Though each year brings a few wonderful additions to the caroling songbook, eventually, every truly great holiday song gets covered and recovered in a multitude of genres and styles. Which is to say: there's plenty of folk covermusic for the holidays. As we slide towards December, stay tuned for a cornucopia of features on Christmas albums, folk musicians, and folksinger favorites, from the Roches We Three Kings to the very best label-driven holiday compilations.
Today we begin our foray into the holiday coverfolk spirit with a focus on perhaps the first truly modern folk song to be brought into the cycle of once-a-year covers that is the Christmas Canon: Joni Mitchell's River.
For a Christmas standard, Joni Mitchell's River is extraordinarily complex. The subtle piano instrumentation and tongue-in-cheek intro lend itself to holiday ballad; even in the original, the way the sharp chords of Jingle Bells segue into a flowing, languid piano and Joni's soaring vocals calls up images of drinks by the fireside, snow falling outside frosted glass. But below the surface, this song reveals its songwriter's mental state. And Joni's not feeling very Christmassy.
Like the rest of Joni's 1971 album Blue, River bears the bitter mark of Joni post-relationship, struggling to put words to a feeling of defenseless fragility. The lyrics are explicit: though it helps to know that Joni was in sunny California at the time she wrote this song, far from the Christmas cold of her native Canada, the litany of faults and life failures which causes Joni to long for a river to "skate away on" certainly transcends mere geographical dissatisfaction.
Has River become a Christmas standard in denial of its wistful, cynical core? Or is Christmas, in our modern, overcommercialized world world, becoming something from which we long to escape? It's hard to say. Certainly the song has been disproportionately covered in the last decade: according to one authority, there are over 130 recorded versions floating out there in the ether. But most are saccharine sweet holiday pap, and many change neither instrumentation or voice much beyond adding a few layers of this era's production. Only a tiny few truly reinterpret this simple hymn of longing and regret.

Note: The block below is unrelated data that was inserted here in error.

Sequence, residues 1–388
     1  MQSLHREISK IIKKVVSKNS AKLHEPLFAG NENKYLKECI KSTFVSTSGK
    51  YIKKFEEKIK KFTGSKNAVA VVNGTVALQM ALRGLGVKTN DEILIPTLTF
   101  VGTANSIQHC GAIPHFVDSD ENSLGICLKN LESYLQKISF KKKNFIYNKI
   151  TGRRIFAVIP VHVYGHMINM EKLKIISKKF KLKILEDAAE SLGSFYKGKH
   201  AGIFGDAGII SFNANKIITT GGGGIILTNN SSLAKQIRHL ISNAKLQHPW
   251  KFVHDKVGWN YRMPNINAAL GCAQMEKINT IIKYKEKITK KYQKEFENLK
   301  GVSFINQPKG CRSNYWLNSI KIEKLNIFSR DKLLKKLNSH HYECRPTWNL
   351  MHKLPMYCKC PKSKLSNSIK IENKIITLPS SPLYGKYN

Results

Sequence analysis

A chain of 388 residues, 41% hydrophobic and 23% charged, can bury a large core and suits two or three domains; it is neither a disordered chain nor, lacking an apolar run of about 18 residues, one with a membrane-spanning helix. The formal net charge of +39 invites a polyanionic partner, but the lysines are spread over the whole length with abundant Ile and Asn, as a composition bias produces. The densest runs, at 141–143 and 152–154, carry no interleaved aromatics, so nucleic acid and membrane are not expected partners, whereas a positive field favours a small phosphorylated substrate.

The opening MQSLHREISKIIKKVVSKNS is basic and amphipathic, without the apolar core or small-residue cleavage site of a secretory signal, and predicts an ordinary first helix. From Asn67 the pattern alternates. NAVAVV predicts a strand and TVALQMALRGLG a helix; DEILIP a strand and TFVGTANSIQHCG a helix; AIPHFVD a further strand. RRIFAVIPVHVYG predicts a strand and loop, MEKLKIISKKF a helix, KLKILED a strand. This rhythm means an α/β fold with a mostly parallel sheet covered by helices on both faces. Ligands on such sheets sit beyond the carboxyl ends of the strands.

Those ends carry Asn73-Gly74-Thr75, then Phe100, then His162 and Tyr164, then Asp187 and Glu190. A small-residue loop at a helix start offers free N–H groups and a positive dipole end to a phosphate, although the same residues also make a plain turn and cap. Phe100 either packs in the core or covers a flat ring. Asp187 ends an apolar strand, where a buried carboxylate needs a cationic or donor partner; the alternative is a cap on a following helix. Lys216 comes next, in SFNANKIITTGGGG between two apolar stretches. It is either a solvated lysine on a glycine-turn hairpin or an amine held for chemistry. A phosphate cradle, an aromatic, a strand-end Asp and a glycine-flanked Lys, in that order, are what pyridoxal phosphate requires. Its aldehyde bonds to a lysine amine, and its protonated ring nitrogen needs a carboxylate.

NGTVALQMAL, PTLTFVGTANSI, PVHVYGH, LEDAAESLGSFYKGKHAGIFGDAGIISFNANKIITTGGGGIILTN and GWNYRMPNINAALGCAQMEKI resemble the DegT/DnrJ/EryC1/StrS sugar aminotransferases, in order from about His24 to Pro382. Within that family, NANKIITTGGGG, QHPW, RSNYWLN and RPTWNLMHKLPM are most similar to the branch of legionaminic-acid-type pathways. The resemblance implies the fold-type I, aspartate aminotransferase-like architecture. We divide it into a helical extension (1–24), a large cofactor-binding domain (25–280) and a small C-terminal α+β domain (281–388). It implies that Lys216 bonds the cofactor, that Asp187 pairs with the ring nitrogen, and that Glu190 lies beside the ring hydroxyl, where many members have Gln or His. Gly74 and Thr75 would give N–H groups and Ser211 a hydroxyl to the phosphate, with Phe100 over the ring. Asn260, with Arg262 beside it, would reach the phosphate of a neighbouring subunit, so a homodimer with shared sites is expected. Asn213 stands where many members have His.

But those few are treasures. For despite how easily it slides into the repertoire of the pop balladeer, and regardless of what it says about our changing feelings toward Christmas, River is eminently a song worth saving.
Today -- in a reluctant nod to the fact that half of our local radio stations have already switched over to holiday music -- we offer a short list of the best and folkiest.
Each manages to make the familiar meaningful again -- whether it is Peter Mulvey's low, broken voice bringing out the true core of Joni's longing and sadness, or just James Taylor being James Taylor, bright and full of hope even in acknowledgement of the deepest depression.
Each truly brings new light to an aging standard. Most notably, Angus Stone's re-rhythming of the song into a light, bouncy, fully orchestrated work of strings and guitar casts the work as a product of the modern mellow indie-folk movement without losing a drop of poignancy. Allison Crowe's solo piano version and Rachael Yamagata's piano-with-bass cover may not sound so different from the original at first, but listen again and the subtleties stand out: Yamagata's slurred, cracked breathiness lends tears to the sadness, while Crowe's majestic tonal read turns the song on its ear.
And each is eminently listenable. Listen to the way the waterfall tinkle of the harpsichord compliments the string-and-piano (and jingle bell) poppiness of Aimee Mann's version. And, sure, Sarah McLachlan is hardly folk, but this fellow Canadian still manages to bring the fireside feel of winter to her electrified popversion.
Enjoy today's covers, the first of many gifts from us to you as we celebrate the holiday season here at Cover Lay Down. And remember: without the bittersweet world for context, we could not so love our songs of comfort, joy, and peace.
- James Taylor, River
(from James Taylor at Christmas)
- Peter Mulvey, River
(from Wonderland: A Winter Solstice Celebration)
- Angus Stone, River
(from No Man's Woman)
- Aimee Mann, River
(out-of-print; more Aimee Mann here)
- Rachael Yamagata, River
(unreleased b-side; more Rachael Yamagata here)
- Allison Crowe, River
(from Tidings; also here)
- Sarah McLachlan, River
We'll host a full Joni Mitchell edition of Covered in Folk sometime in 2008, but if you just can't wait for your coverfix, buy Blue, and start catching up on one of the truly seminal artists of American folk music.
Or head over to Coverville to download The Joni Mitchell Cover Story II, which ends with the incredible title cut from Herbie Hancock's River: The Joni Letters.
Or visit The Late Greats for an incredible 30-song post of songs with the word river in them, including both Joni's original and an amazing version from Madeleine Peyroux and kd lang.
Or, whet your appetite with today's bonus coversongs:
- Joni Mitchell and James Taylor re-cover Taylor's You Can Close Your Eyes
- Johnny Cash and Joni Mitchell cover Dylan's Girl From the North Country
Come back Monday for a very special feature on folk covers of Disney's Winnie The Pooh, guest hosted by Kurtis of Disney coverblog Covering the Mouse! Meanwhile, I'll be over at eclectic coverblog Fong Songs analysing covers and original of The Smiths' Girlfriend In A Coma, while Fong closes the loop with a sweet write-up of yet another Winnie the Pooh cover over at Covering the Mouse. It's coverblog musical chairs!